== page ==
Blog Archives

Advert: ‘Tom’ (Google+) – 31 March 2012

It’s almost exactly two years since John Lewis aired their renowned Always A Woman advert for the first time, which followed one fame from infant girl to loving grandmother. After seeing it in that night’s edition of Britain’s Got Talent, I took to this blog to share it with readers. And that I intend to do with another advert – or ‘commercial’, as the marketers of the American company it promotes would say – this one for Google and, specifically, their Google+ social network.

Google have effectively given their own take on that JL Never Knowingly Undersold campaign, using Jaques’s All The World’s A Stage monologue from Shakespeare‘s As You Like It as the ‘soundtrack’ to the 90-second commercial, read by Benedict Cumberbatch.

Personally, I still prefer the beautiful colouring of the 2010 ad even though, unlike this one, it’s technically impossible: the child at the birthday party could not have been wearing clothes from the same era as the elderly lady seen at the end of the video if they were indeed the same person (in this one, there’s two ‘real time’ eras, with Tom’s son, Tom today, and Tom as a grandfather illustrating the ‘seven ages of man’, getting around that problem). But even still, it’s a great clip, and interesting to see Google (a long-pioneering web company) advertising through a much older and less-targetable medium (one that they don’t have any control over) for what is really the first time.

My Thoughts: Top Gear 18×01 – 29 January 2012

(Just so you know, I’m not going to review every Top Gear episode, but I had strong enough opinions of this episode to warrant a My Thoughts blog.)

BACK FOR MORE: Jeremy Clarkson, as ever, began the show.

The first episode of this new, eighteenth series of Top Gear was to be, for many once-loyal fans (myself included), a make-or-break episode. Cock it up, and we’d lose interest and leave it to suffer a plunge in ratings.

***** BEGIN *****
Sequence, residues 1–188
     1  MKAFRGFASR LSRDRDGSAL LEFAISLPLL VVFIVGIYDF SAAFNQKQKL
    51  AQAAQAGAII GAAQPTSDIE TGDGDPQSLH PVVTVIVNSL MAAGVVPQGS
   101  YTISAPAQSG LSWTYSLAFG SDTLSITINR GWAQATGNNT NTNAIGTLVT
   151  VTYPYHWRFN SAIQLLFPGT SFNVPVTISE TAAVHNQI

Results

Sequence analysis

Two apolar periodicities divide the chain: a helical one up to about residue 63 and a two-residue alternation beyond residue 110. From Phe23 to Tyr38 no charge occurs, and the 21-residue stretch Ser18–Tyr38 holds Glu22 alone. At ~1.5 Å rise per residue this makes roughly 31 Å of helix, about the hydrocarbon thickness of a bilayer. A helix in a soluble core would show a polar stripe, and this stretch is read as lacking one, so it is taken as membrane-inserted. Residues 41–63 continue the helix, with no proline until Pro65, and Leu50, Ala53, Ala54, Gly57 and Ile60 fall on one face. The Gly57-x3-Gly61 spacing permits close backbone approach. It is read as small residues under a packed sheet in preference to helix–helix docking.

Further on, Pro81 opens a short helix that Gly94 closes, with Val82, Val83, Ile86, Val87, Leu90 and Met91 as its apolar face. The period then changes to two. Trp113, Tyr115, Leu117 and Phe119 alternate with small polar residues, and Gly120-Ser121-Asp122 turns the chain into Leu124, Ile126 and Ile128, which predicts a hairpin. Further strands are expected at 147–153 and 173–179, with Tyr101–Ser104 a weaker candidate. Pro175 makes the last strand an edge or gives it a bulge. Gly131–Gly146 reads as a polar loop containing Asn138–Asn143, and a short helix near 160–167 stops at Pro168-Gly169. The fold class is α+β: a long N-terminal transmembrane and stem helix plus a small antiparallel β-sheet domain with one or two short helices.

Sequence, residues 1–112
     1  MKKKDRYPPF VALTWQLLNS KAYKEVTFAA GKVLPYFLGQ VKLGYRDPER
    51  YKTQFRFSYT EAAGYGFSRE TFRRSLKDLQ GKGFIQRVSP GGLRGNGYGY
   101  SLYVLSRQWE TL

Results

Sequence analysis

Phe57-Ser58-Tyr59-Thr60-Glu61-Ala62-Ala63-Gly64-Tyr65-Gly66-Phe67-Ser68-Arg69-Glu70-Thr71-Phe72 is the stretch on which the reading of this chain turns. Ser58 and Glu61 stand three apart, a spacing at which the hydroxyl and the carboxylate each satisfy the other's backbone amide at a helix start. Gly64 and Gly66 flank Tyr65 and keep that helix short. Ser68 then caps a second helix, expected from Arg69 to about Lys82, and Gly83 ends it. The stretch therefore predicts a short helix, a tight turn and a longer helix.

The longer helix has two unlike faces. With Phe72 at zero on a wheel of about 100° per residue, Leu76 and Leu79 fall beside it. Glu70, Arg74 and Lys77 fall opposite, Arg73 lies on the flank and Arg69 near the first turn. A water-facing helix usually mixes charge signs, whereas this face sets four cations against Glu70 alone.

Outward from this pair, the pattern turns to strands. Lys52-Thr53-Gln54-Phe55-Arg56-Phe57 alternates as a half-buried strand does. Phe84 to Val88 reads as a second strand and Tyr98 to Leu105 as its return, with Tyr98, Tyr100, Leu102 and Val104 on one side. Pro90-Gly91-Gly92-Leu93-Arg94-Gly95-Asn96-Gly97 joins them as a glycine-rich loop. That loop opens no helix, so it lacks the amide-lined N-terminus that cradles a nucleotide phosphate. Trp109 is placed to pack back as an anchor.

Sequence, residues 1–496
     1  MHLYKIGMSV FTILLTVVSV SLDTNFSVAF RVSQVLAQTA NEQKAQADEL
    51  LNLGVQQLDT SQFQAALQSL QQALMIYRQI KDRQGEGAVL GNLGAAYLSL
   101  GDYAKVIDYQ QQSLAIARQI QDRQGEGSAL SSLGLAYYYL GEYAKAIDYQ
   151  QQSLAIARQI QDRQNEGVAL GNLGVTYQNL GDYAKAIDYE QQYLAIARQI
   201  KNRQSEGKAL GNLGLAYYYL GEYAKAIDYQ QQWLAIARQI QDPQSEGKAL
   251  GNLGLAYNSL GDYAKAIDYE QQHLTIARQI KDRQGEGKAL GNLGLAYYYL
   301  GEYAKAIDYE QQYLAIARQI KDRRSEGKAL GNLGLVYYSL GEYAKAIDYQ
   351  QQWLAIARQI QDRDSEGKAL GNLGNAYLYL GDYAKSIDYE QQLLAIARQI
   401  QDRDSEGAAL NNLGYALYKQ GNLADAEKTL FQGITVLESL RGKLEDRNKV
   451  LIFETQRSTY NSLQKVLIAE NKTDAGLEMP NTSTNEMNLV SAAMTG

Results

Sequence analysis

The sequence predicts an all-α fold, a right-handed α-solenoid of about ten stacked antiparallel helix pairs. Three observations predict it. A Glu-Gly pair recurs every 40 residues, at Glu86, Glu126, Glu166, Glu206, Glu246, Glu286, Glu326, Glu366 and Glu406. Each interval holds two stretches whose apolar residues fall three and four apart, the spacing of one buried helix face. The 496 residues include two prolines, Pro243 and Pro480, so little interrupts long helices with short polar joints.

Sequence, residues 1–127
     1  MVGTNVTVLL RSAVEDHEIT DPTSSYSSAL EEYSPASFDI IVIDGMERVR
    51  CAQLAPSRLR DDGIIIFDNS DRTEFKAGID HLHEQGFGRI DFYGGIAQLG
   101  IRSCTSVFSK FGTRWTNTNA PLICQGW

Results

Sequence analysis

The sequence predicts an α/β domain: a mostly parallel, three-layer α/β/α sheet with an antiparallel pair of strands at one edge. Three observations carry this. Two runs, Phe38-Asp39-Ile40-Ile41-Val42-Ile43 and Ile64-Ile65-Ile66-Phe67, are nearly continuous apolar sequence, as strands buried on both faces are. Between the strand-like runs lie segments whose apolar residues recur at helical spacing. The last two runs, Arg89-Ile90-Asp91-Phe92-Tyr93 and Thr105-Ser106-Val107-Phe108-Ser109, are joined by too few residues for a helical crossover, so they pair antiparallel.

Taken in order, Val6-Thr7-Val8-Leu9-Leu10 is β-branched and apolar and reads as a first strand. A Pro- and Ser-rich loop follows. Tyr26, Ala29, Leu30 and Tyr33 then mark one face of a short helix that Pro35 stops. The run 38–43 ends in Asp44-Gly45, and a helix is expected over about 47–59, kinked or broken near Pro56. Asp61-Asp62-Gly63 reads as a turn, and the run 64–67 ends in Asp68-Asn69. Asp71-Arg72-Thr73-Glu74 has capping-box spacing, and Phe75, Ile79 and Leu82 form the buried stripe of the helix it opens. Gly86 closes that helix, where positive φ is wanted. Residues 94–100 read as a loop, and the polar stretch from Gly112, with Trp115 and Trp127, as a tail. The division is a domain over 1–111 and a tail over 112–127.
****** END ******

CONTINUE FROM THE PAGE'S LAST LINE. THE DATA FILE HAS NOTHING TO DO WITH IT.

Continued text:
The producers (to whom the TG brand is worth millions) and presenters knew this very real threat. Though part of a joke, Jeremy Clarkson made no secret of the controversy that’s followed the disastrous Christmas India special, opening the show in simple terms: “Now, even though this programme has taken a terrible battering in the newspapers in recent weeks, we have made every effort we possibly can to make sure this series is unaffected.”

Indeed, the preview tape looked similar to those of the old series, with beautiful photography, great co-presenter chemistry, and a wide range of upcoming films included. But as the first episode progressed, it became obvious that it was not all ‘same old same old’. In addition to the addition of a plinth in the studio for the Hammerhead-i Eagle Thrust from Series 14, there were far greater changes in programme feel.

In recent series (and most noticeably in that Christmas 2011 episode), the style of the main films has felt hideously patronising, where it seemed we were meant to fall for the blatantly-staged, unfunny ‘accidents’ (many of which, like the crude ‘Eat English Muff‘ and ‘Sh IT For Your Company‘ train stunts, were merely repeats of virtually identical stunts from previous series).